SC deems 4 kinds of lump-sum discretionary funds constitutional

/ 05:38 AM October 10, 2019

MANILA, Philippines — Not all lump-sum discretionary funds are unconstitutional.

The Supreme Court has declared constitutional four kinds of lump-sum discretionary funds in the 2014 national budget, which was passed months after the high court struck down  congressional discretionary funds, or pork, as unconstitutional.


During their full-court session on Tuesday, the justices said allocations under the unprogrammed fund, contingency  fund, e-government fund and the local government support fund were legal.

Unlike PDAF


These funds, according to the tribunal, were unlike the Priority Development Assistance Fund (PDAF), or the multibillion-peso pork barrel inserted annually in the national budget.

The pork barrel system allowed senators and representatives to identify supposed projects to be funded after the national budget had been passed.

According to the Supreme Court, the four lump-sum funds have identified the specific purpose for their use and therefore are constitutional.

It said the unprogrammed fund would be spent on identified programs; the contingency  fund on new or urgent projects that were not foreseen during the budget process, including the foreign travel expenses of the President; the e-government fund on the strategic information and communication technology projects of various government agencies; and the local government support fund on financial assistance to local governments.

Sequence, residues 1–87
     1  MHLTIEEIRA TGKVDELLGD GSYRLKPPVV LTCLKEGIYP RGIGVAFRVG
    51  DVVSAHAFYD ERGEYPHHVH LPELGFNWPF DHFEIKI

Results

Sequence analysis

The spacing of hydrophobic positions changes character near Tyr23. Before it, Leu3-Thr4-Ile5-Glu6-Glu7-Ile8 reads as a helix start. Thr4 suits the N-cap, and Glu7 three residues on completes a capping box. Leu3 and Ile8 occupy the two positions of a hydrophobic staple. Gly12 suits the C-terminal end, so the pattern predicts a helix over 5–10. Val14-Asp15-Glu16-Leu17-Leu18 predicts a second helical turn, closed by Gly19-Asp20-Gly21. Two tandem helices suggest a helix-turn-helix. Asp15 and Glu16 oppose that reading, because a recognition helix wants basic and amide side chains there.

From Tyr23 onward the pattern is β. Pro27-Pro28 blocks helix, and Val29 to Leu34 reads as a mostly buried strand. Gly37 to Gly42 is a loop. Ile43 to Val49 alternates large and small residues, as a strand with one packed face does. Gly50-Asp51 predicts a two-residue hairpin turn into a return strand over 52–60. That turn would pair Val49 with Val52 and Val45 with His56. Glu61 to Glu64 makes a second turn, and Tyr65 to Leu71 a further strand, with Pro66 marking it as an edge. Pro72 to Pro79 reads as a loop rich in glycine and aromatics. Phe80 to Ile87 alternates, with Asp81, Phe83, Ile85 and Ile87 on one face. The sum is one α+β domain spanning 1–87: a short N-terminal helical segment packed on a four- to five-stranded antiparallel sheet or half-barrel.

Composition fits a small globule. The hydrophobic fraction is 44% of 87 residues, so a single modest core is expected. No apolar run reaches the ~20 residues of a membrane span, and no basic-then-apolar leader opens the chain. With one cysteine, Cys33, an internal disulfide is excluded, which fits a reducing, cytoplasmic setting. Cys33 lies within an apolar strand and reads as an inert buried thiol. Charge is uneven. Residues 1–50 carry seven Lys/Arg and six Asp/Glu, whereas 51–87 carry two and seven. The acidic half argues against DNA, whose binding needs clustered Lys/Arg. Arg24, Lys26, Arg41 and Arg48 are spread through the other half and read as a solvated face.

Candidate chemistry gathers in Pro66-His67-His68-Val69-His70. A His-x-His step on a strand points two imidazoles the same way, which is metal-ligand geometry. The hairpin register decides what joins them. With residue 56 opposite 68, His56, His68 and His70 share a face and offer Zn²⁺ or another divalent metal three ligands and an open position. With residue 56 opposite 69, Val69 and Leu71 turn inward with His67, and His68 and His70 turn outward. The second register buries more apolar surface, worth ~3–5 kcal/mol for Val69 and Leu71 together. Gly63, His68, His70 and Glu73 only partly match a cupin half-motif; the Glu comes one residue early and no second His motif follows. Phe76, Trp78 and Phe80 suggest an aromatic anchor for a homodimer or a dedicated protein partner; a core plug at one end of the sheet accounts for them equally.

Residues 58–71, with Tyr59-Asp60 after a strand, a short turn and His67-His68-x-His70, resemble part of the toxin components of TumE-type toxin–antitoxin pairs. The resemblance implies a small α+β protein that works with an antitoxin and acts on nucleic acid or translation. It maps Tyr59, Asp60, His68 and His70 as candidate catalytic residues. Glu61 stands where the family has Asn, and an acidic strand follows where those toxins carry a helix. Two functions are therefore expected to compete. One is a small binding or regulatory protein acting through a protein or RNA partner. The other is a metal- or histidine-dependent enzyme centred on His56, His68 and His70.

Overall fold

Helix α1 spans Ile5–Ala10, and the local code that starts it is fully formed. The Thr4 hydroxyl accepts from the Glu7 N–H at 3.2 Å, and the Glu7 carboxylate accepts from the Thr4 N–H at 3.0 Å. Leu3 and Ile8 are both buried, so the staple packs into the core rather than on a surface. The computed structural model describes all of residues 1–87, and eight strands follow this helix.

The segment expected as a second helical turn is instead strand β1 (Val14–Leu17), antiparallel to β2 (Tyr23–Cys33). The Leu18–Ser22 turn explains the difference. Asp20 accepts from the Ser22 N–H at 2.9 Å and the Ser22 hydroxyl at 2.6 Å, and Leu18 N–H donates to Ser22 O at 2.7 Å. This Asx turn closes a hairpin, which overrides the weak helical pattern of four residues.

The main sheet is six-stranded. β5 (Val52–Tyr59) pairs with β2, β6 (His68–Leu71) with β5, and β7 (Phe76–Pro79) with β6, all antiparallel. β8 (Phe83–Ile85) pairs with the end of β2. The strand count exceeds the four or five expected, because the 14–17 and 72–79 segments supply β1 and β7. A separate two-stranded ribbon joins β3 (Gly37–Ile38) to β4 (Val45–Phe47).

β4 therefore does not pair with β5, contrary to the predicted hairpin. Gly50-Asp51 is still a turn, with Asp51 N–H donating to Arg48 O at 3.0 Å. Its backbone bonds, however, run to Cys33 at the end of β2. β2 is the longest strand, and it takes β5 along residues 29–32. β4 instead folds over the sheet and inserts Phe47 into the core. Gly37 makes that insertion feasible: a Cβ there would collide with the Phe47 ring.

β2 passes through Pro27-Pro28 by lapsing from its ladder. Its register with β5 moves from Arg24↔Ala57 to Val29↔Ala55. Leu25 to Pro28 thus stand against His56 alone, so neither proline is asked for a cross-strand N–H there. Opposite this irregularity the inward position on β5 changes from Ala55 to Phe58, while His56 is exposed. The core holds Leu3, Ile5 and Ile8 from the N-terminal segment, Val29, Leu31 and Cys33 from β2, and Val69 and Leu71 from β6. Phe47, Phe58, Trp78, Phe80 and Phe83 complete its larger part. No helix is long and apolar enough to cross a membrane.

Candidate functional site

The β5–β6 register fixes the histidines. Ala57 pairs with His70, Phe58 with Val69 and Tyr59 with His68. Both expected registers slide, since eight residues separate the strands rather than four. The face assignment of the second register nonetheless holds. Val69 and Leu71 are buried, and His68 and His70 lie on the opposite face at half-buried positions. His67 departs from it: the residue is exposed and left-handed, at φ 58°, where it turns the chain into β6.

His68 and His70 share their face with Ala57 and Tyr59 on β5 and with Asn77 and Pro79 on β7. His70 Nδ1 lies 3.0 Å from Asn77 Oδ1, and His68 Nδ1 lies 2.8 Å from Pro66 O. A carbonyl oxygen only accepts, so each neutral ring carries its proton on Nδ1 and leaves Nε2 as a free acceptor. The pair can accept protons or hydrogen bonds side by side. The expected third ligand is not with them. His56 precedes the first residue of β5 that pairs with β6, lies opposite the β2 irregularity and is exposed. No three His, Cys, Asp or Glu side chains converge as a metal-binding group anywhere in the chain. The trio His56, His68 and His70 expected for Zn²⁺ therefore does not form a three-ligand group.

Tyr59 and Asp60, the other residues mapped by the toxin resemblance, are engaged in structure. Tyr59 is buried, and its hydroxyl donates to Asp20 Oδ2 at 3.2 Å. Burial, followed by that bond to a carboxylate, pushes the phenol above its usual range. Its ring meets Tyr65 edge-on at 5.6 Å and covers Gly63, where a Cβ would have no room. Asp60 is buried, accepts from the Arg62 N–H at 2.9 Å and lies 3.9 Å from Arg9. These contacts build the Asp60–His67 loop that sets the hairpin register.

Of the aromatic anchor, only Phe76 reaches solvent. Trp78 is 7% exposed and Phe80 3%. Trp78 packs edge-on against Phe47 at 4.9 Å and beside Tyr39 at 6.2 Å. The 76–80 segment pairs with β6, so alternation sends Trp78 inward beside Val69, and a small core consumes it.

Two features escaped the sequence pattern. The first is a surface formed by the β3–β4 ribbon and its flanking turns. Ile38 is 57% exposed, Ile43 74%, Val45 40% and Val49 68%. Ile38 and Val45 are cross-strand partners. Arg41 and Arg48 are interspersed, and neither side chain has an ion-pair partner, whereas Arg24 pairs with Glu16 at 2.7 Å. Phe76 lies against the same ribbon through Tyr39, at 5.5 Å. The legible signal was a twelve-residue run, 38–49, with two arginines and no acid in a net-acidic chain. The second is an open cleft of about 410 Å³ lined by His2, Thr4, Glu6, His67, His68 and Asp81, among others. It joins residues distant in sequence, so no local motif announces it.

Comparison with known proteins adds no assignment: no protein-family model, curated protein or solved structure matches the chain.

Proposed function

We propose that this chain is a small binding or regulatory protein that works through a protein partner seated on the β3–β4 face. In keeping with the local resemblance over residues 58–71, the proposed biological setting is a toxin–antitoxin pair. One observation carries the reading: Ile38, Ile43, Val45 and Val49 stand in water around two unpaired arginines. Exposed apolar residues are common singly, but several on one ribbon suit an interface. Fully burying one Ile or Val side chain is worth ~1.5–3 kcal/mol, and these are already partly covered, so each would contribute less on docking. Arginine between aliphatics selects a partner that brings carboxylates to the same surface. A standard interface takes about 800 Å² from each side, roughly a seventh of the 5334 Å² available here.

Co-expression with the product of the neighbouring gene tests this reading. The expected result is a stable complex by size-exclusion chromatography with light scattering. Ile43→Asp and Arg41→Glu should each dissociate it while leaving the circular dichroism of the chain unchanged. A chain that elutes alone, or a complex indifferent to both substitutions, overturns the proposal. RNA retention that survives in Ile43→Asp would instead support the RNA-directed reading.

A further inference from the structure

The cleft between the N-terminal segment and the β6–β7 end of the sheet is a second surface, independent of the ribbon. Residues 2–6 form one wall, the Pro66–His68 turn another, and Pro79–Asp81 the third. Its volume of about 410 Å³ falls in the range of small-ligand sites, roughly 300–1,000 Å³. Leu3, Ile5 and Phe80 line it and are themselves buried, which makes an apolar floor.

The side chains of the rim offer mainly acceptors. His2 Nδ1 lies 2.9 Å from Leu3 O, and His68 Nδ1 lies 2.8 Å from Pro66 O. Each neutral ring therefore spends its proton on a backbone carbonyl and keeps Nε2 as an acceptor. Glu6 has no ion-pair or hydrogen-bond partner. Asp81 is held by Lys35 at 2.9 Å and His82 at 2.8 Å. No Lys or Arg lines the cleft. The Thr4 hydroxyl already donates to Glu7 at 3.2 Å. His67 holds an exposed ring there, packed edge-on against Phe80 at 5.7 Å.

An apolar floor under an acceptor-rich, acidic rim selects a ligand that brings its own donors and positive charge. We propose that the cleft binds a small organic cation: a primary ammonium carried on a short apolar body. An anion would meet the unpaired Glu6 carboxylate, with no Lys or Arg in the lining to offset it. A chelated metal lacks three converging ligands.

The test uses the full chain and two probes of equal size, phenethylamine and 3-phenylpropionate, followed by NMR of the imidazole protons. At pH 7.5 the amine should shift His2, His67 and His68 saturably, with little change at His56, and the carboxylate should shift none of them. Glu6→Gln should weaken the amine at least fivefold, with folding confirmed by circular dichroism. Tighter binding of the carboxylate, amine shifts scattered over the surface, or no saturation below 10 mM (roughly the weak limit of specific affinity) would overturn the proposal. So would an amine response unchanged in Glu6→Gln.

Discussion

“The court stressed the requirement of singular correspondence does not mean that all lump-sum appropriations are unconstitutional per se; hence, the specifically assailed appropriations are constitutional,” the tribunal said in a statement issued Wednesday.

The decision itself had not yet been released, and would not identify which of the justices wrote it.

Belgica petition dismissed


The court made the ruling as it dismissed the petition of former Manila Councilor Greco Belgica against the four lump-sum discretionary funds.

Belgica, who won the court’s ruling against the PDAF in 2013, had argued that the lump-sum discretionary funds in the 2014 General Appropriations Act, or national budget, went against the Supreme Court Nov. 19, 2013, decision nullifying the pork barrel system.

In its ruling against the PDAF, the Supreme Court said an appropriation must have a corresponding purpose to be considered a proper line item.

The Supreme Court also declared unconstitutional on July 1, 2014, the Disbursement Allocation Program (DAP), the so-called Malacañang pork barrel.

The high court nullified the way former President Benigno Aquino III and then Budget Secretary Florencio Abad funneled government “savings” into other projects outside the Congress-approved national budget.

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TAGS: 2014 national budget, lump-sum discretionary funds, Supreme Court
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